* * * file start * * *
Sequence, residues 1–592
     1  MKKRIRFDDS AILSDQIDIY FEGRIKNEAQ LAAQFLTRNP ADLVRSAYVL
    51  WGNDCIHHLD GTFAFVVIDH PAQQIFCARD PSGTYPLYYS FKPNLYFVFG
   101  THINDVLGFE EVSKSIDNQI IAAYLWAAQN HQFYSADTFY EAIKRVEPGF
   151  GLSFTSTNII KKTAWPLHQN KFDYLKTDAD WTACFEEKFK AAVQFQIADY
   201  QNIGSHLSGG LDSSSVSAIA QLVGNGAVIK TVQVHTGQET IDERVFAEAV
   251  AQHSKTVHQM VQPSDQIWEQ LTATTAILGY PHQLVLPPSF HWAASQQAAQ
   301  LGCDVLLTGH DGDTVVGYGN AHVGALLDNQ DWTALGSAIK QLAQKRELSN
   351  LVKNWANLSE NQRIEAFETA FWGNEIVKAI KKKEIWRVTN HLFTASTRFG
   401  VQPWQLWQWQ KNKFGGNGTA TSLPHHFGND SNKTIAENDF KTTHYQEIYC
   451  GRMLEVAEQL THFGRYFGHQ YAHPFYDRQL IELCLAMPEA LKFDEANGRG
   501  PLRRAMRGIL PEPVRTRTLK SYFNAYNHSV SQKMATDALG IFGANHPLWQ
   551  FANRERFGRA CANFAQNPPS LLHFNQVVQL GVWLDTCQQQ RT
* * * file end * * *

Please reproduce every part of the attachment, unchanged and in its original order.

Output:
Sequence, residues 1–592
     1  MKKRIRFDDS AILSDQIDIY FEGRIKNEAQ LAAQFLTRNP ADLVRSAYVL
    51  WGNDCIHHLD GTFAFVVIDH PAQQIFCARD PSGTYPLYYS FKPNLYFVFG
   101  THINDVLGFE EVSKSIDNQI IAAYLWAAQN HQFYSADTFY EAIKRVEPGF
   151  GLSFTSTNII KKTAWPLHQN KFDYLKTDAD WTACFEEKFK AAVQFQIADY
   201  QNIGSHLSGG LDSSSVSAIA QLVGNGAVIK TVQVHTGQET IDERVFAEAV
   251  AQHSKTVHQM VQPSDQIWEQ LTATTAILGY PHQLVLPPSF HWAASQQAAQ
   301  LGCDVLLTGH DGDTVVGYGN AHVGALLDNQ DWTALGSAIK QLAQKRELSN
   351  LVKNWANLSE NQRIEAFETA FWGNEIVKAI KKKEIWRVTN HLFTASTRFG
   401  VQPWQLWQWQ KNKFGGNGTA TSLPHHFGND SNKTIAENDF KTTHYQEIYC
   451  GRMLEVAEQL THFGRYFGHQ YAHPFYDRQL IELCLAMPEA LKFDEANGRG
   501  PLRRAMRGIL PEPVRTRTLK SYFNAYNHSV SQKMATDALG IFGANHPLWQ
   551  FANRERFGRA CANFAQNPPS LLHFNQVVQL GVWLDTCQQQ RT